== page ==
Written by
Changeboard Team

Published
12 Mar 2015

Giving total reward

12 Mar 2015 • by Changeboard Team

Disengagement in UAE

According to our Global Workforce study, 45% of employees in the UAE and 35% in KSA plan to leave their current job within two years.

Although actual turnover is unlikely to match this, these figures provide a disturbing image of employee disengagement in the Middle East.

In recent years, lack of job security has made people think twice before handing in their notice. However, as the region’s growth prospects improve, as an employer you must offer more creative reward packages that will engage and retain staff for the long-term. The sharp salary increases seen between 2005 and 2007 are unsustainable.

Cash is not the only king

Good base pay and guaranteed salary are still most likely to attract and retain staff, especially in countries with a high proportion of expat workers. Pay levels and associated tax breaks are a major incentive enticing people to the Middle East.

However, now employees are committing to the region for longer periods, they expect non-financial rewards, too. Leading employers recognise this and are offering, to their advantage, anything from health and retirement benefits to career advancement opportunities.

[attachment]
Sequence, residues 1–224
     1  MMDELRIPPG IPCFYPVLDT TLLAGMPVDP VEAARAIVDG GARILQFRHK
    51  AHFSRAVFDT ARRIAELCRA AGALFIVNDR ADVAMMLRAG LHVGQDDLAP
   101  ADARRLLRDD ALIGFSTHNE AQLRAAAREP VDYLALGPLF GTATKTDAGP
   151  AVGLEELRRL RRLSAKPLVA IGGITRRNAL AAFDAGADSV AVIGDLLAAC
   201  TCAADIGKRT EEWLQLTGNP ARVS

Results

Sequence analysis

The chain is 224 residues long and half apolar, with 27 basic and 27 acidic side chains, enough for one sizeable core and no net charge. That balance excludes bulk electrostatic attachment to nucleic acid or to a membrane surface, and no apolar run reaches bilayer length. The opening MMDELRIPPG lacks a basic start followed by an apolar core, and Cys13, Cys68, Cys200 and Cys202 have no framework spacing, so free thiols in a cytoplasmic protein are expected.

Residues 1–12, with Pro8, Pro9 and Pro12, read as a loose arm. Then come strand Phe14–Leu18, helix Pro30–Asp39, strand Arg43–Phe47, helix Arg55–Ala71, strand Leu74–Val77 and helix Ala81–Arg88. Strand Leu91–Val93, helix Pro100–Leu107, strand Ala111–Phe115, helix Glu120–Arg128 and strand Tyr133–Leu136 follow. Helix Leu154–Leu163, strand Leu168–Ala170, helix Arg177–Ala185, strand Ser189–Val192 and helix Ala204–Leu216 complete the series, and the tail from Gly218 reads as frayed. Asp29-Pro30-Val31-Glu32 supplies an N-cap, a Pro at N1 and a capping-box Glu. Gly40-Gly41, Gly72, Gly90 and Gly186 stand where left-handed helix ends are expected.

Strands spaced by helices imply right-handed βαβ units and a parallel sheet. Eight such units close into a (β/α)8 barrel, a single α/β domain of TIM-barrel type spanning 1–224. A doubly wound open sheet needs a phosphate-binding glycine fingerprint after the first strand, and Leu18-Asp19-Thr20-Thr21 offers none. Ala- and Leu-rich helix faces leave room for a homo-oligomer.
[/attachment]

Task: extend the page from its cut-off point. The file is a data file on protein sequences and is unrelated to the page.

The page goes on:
The results of our research reveal that 50% of employees in the UAE and 45% in Saudi Arabia (compared with just 25% globally) are unsatisfied with their retirement benefits, and 50% would gladly pay more into a pension plan for guaranteed security when they retire. Increasing numbers of employers are offering savings vehicles such as International Pension Plans to differentiate themselves from competitors.

Tell it to your workforce

Several studies have shown that companies in the Middle East are poorer communicators than those outside the region. This has a direct and negative effect on employee engagement and on your ability to attract and retain key talent. Our research suggests that close to 40% of employees in the Middle East believe their organisation is doing a poor job of explaining the value of total rewards compared to just over 20% globally.

Although 40% of employees believe they are paid less fairly than people in other companies who hold similar jobs, we believe this perception is fuelled not by the level of pay, but how you, as their employer, communicate total reward to them.

You might well be excellent at customer segmentation and addressing client needs, can you apply the same philosophies with your number one resource: employees?